The Archive: Theatre in education marks its legacy at 50
In 1965, Belgrade Theatre, Coventry launched an idealistically cutting-edge theatre in education project. And it was, it seems, the birth of a movement. “I’m pretty certain it was the start of TiE generally,” says Gordon Vallins, 81. He was one of the original four teacher-actors who went out to schools with the very first tour, The Balloonman and the Runaway Balloons, 50 years ago this month. “We knew of no one anywhere doing anything remotely similar, but before long people who’d worked with us were setting up similar schemes elsewhere and the movement grew rapidly,” he adds.
Vallins was appointed assistant to the director of the Belgrade, Anthony Richardson, in 1964, having been a teacher. “I looked after things like PR and theatre tours,” he recalls. And it was clearly a varied role because in the mix was also responsibility for education.
“Anthony was an astonishingly charming, lovable man who wanted to involve the whole city in the theatre. He saw himself as a social servant and believed that, as an agent for social change, theatre could be used to benefit everyone and everything from banks and shops to community groups,” Vallins says.
“He wanted to get work with schools going and asked me if I’d like to have a go at running it because I’d been a teacher. We started with a youth theatre on the back of our existing theatregoers’ Young Stagers club. Then we advertised for actor-teachers and started taking work out to schools. Brian Way was a mentor.”
Coventry City Council gave them £15,000, an enormous amount of money by 1965 standards. “It was the era of child-centred learning and Coventry, with its new cathedral and the country’s first traffic-free zone, was a good place to innovate at the time,” says Vallins.
The point of TiE (note the word ‘in’ with its integral implications as opposed to ‘and’, which suggests it’s an added option – Vallins takes credit for this) is that children are involved and encouraged to improvise and create. It was never just a matter of passively watching a performance. And at its best TiE can be used to teach and explore subjects and issues as well as for its own sake.
By 1977, long after Vallins had moved on to a varied career which included teaching at LAMDA and for the Inner London Education Authority, there were around 90 TiE companies operating nationwide. And the Belgrade, with £12,000 per year ring-fenced funding from the city council, had begun to engage explicitly with contemporary political, social and economic dilemmas such as a response to the Bedworth miners’ strikes in 1975 and a project for five to seven-year-olds and their parents which explored issues of race and migration in Coventry.
Then came the Education Reform Act 1988, the national curriculum and a change of culture. TiE began to fall out of favour. Funding cuts meant that the Belgrade TiE company disbanded in 1996 after 36 years of financial and creative autonomy.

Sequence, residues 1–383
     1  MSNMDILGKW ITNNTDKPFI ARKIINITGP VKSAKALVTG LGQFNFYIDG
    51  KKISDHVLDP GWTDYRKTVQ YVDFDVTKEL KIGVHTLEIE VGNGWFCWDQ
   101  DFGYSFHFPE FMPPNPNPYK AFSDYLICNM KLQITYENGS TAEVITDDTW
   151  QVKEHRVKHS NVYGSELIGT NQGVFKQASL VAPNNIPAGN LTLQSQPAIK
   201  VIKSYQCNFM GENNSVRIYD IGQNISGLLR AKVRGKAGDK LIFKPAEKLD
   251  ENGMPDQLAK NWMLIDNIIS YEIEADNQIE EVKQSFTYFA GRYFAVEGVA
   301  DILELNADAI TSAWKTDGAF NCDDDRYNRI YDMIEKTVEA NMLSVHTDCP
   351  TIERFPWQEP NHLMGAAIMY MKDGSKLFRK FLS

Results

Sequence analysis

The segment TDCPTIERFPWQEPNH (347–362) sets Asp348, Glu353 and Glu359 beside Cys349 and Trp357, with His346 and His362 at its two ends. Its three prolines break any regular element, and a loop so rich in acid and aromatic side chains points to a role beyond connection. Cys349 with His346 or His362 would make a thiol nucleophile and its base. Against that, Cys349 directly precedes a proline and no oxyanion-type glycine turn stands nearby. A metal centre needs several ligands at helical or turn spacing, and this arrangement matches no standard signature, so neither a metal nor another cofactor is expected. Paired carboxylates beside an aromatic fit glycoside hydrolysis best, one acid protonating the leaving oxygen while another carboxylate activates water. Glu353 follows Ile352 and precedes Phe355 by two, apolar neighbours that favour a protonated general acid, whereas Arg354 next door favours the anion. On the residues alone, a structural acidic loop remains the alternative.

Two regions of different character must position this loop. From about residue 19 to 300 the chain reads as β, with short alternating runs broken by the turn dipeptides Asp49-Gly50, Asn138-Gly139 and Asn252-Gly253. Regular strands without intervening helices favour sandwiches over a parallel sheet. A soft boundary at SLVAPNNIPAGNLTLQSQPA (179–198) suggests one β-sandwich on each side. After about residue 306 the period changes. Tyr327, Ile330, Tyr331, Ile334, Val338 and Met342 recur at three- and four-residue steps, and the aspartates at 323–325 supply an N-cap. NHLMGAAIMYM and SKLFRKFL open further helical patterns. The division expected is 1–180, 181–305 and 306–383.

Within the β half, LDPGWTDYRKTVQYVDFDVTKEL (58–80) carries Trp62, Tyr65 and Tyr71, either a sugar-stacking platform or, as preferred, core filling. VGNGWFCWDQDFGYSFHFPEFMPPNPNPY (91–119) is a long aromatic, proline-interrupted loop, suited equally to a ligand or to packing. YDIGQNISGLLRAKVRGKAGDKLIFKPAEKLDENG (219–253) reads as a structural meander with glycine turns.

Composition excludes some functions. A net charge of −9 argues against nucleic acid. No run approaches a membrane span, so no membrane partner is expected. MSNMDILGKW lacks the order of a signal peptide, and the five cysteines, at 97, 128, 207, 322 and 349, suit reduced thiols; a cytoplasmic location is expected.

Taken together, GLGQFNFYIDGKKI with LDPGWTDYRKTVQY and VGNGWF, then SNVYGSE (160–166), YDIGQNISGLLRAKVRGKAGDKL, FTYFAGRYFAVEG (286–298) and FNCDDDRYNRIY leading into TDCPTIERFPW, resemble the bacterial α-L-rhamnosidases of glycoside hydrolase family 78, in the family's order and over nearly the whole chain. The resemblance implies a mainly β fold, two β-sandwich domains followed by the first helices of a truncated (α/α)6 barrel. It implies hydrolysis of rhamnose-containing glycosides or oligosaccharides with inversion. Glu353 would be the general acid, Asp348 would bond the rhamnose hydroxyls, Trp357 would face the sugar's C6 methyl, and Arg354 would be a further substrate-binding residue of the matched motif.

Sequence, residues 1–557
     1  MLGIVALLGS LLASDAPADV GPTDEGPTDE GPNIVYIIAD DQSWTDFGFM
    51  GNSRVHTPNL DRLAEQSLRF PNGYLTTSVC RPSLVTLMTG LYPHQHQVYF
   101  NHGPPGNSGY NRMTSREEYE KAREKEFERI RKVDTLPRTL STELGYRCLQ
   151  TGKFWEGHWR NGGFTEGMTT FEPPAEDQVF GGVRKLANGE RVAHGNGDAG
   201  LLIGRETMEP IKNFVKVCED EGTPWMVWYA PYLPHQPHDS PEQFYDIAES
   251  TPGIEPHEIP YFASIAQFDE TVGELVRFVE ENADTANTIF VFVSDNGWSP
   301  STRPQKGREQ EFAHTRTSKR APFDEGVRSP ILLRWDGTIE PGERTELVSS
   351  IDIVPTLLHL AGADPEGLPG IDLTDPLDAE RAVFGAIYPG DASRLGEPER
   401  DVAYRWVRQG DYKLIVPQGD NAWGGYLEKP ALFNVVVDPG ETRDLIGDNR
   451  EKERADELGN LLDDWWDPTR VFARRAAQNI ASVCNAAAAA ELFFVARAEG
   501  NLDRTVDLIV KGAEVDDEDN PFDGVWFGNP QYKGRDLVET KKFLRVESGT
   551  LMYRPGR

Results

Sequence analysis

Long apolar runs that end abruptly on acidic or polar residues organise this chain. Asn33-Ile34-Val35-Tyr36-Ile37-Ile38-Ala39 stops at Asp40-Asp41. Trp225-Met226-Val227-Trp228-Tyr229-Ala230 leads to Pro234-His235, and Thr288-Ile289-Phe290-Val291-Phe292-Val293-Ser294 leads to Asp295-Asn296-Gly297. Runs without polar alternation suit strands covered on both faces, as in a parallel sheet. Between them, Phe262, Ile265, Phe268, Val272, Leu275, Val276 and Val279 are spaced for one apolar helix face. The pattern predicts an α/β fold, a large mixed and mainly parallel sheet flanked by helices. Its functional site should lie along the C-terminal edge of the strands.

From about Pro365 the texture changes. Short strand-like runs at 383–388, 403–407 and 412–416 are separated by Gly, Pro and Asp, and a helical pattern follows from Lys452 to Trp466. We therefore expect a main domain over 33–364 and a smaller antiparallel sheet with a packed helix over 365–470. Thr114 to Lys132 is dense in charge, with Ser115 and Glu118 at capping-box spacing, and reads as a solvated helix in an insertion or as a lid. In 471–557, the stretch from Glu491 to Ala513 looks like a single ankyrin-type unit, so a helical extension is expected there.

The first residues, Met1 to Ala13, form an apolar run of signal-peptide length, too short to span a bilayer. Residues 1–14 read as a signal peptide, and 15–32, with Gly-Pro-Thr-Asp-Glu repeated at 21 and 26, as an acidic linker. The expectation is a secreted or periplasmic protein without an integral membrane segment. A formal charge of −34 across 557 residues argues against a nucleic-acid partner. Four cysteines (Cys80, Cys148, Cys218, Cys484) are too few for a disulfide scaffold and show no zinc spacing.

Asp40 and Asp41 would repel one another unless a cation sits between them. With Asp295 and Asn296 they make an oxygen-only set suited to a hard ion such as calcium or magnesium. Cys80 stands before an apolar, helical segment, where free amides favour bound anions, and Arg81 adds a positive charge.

But the work didn’t stop completely, although the emphasis shifted to community and education. Today it includes, for instance, an over-50s group. Acting Out, another example, is a targeted ongoing youth theatre programme aimed at young people who are in danger of exclusion from the mainstream. “It’s ethnically very diverse,” says Justine Themen, associate director at Belgrade since 2003. There is, for example, a black group and an Asian group among the eight that are available.
“We’re sometimes criticised for segregation but there are joint activities as well, and anyone is free to join any group,” Themen explains. Acting Out is free for the participants aged 11-16, thanks to Arts Council England funding. Young people can then continue into the 16-25 group if they wish. During the last 12 months, 9,242 children, young people and adults over the age of 50 have participated in 1,027 workshops at the Belgrade Theatre.
Another TiE legacy is – or was – an annual Big School project, started in 2000, to help primary school children make a smooth transition into secondary school. It operated in nearly half of Coventry’s primary schools last year.
“Sadly, we haven’t been able to run it this year because the funding has been cut,” explains Themen. “So it’s a rather strange anniversary because for the first time in 50 years there is, at the moment, no TiE at the Belgrade. We are hoping that we might, somehow, be able to get it going again in 2016.”
Themen, who talks carefully of “difficult times”, hopes the anniversary celebrations will help to raise the profile of the Belgrade’s commitment, expertise and achievements.
She is cheerful about the celebratory anniversary festival that was held in July and the forthcoming Festival of Theatre for Children and Young People curated by Tony Graham next month, along with a conference, Inspiring Curiosity: the Relationship Between Drama, Theatre and Education.
Nonetheless, she is ruefully angry that the schools projects have stopped. “There are plenty of people who believe in and understand this work, of course, but it’s disappointing that after 50 years there are still those in, or connected with, schools who demand evidence of benefits that should, by now, be self-evident to everyone,” she says.
If you’d like to read more stories from the history of entertainment, The Stage Archive offers access to all back issues of the paper from 1880 to 2007 and is available from £15